What is the Age of the Solar System?

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  • 0:01 What Is Your Real Age?
  • 1:07 The Solar System & the…
  • 1:53 Half-Life & the Age of…
  • 5:12 Lesson Summary
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Lesson Transcript
Instructor: Artem Cheprasov

Artem has a doctor of veterinary medicine degree.

This lesson will tell you how old our solar system is and how we know that's the case thanks to radioactive decay, isotopes, half-life, and the solar nebula.

What Is Your Real Age?

Do you know how old you are? I'd tend to think that you likely do. But did you know that you are actually really old? You are billions of years old. Seriously, you really are. Particles, like protons, neutrons, and electrons, that make up your body came into existence not long after the moment of the Big Bang almost 14 billion years ago.

Talk about 40 being the new 20. This is more like a gazillion being the new nanosecond in that respect because your legal age is tiny compared to the age of the matter that makes you who you are. Whatever. The reason I tell you that is because the solar system is just like you in that sense, in that it came to be because of a sequence of events and fundamental particles that came about thanks to the Big Bang.

While technically the age of the solar system is about 4.6 billion years, its basic components were born long before then. Since other lessons explain the birth of the solar system's basic components, let's find out how scientists were able to figure out the legal age of the solar system in this lesson.

The Solar System and Solar Nebula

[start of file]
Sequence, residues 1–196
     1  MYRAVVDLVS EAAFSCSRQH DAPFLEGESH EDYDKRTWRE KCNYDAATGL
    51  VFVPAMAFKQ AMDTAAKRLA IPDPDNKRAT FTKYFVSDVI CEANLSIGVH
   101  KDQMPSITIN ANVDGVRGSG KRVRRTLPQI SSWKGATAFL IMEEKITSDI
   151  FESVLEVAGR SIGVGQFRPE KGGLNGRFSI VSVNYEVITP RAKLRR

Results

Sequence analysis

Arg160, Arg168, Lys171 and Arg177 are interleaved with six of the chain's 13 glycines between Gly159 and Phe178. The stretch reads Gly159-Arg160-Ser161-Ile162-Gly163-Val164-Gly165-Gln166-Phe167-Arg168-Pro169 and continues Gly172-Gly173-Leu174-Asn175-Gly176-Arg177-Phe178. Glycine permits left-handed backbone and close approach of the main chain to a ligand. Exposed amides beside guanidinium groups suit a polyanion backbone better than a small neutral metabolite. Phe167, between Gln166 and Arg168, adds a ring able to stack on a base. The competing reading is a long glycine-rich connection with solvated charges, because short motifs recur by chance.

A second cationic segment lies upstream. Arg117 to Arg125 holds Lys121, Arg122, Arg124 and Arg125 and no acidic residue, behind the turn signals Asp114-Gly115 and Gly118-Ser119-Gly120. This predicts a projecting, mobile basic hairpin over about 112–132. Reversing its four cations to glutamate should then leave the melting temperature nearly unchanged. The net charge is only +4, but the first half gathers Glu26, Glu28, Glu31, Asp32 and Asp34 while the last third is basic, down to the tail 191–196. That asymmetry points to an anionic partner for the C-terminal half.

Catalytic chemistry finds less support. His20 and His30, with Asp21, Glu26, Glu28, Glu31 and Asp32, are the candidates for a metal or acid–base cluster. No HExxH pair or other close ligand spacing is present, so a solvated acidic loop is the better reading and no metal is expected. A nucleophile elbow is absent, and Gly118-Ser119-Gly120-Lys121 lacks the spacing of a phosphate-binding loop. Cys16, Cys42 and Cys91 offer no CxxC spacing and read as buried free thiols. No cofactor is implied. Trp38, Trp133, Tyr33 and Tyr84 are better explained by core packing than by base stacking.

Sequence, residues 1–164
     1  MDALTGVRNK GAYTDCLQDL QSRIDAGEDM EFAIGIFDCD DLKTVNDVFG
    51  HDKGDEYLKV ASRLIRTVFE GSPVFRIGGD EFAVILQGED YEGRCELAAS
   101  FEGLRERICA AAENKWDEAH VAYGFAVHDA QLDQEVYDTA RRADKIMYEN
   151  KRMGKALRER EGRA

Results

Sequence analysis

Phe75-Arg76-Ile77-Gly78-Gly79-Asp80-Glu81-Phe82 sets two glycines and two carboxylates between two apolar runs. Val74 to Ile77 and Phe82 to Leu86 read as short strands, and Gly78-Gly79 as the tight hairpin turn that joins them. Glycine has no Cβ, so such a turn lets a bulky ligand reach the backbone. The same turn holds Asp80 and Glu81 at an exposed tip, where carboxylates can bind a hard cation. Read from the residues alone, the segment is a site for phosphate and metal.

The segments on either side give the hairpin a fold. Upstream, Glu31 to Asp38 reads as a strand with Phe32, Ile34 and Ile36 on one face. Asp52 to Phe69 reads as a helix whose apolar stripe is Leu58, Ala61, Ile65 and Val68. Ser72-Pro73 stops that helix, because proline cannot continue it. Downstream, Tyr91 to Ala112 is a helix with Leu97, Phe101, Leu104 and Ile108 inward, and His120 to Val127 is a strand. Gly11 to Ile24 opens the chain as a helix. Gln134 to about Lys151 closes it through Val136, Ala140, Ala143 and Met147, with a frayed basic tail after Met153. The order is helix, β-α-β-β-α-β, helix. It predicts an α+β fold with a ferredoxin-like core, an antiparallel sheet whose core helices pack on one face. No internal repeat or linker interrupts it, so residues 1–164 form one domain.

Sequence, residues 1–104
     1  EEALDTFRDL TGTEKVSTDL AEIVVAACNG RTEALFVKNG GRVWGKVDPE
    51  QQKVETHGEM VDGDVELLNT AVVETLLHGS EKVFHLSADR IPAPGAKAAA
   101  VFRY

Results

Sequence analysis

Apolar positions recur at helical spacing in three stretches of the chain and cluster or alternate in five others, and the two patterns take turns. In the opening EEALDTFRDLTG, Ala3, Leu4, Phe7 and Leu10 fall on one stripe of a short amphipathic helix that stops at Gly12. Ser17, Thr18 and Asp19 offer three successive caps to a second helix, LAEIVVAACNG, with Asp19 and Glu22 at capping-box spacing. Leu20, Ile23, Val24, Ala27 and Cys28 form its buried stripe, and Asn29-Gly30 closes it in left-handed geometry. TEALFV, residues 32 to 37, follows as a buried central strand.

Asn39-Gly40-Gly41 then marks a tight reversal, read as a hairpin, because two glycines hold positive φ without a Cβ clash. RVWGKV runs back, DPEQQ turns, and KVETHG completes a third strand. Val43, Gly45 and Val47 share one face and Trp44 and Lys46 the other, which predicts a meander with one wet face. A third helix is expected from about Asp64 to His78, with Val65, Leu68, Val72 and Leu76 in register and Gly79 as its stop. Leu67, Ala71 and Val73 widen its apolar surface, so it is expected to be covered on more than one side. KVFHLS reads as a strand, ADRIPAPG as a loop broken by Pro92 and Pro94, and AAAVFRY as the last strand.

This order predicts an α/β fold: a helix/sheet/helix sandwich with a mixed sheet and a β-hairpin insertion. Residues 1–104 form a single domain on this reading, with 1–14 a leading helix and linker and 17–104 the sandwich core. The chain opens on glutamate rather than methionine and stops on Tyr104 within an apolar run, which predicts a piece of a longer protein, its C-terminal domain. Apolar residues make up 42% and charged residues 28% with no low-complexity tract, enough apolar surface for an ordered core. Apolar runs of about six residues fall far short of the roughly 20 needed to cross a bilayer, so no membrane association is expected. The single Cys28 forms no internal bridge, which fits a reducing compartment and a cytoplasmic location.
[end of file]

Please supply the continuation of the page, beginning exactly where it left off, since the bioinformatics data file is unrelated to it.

The solar system is the sun along with all the planets, moons, asteroids, and meteoroids held by the sun's gravitational field. Astronomers believe that the planets and the sun formed from the solar nebula, which is a cloud of interstellar gas and dust that condensed to form the entire solar system, including the sun and planets.

If this is truly the case, then you can realistically expect that the sun and the planets should be just about the same age. You know, if you were to plant a tree and a bush at the same time, sure, they may look different in size and shape after a while, like the planets and the sun vary in size and shape, but they all sprouted at about the same time nonetheless. Don't let looks deceive you.

Half-Life & The Age of the Solar System

Consequently, if scientists can get their hands on samples of material from places like the Earth, moon, Mars, and meteorites, they can, by extension, determine the age of our entire solar system even if they can't get a sample from everywhere. Additionally, these same scientists can compare the numbers they get between these samples to see if they come about to be around the same age. We'd expect the age should be similar if our hypothesis about how the solar system was formed is actually correct.

And what do you know? That's exactly what these scientists did. They analyzed radioactive elements found in rocky bodies that are part of Earth and collected from the moon and elsewhere to determine the age of the solar system.

These radioactive elements are incorporated into a rock as it solidifies. This is sort of like if you were to put some dirt into water, mix it around, and then put that into the freezer. The dirt would become part of the ice block that has solidified, and it can be analyzed at a later time.

Some of the elements incorporated into these rocks have radioactive isotopes, which are variations of an element that have the same number of protons but different numbers of neutrons. Because they are radioactive, they decay into other isotopes with time.

For instance, a parent isotope, like potassium-40, will decay into a daughter isotope, like calcium-40 and argon-40. The time it takes for half of the atoms in the parent isotope to decay into the atoms of the daughter isotope is termed a half-life. We can put this in a simple, albeit not entirely accurate, metaphor: if it takes 1 hour for half of the ice to melt, or decay, into water, the half-life of the ice is thus 1 hour.

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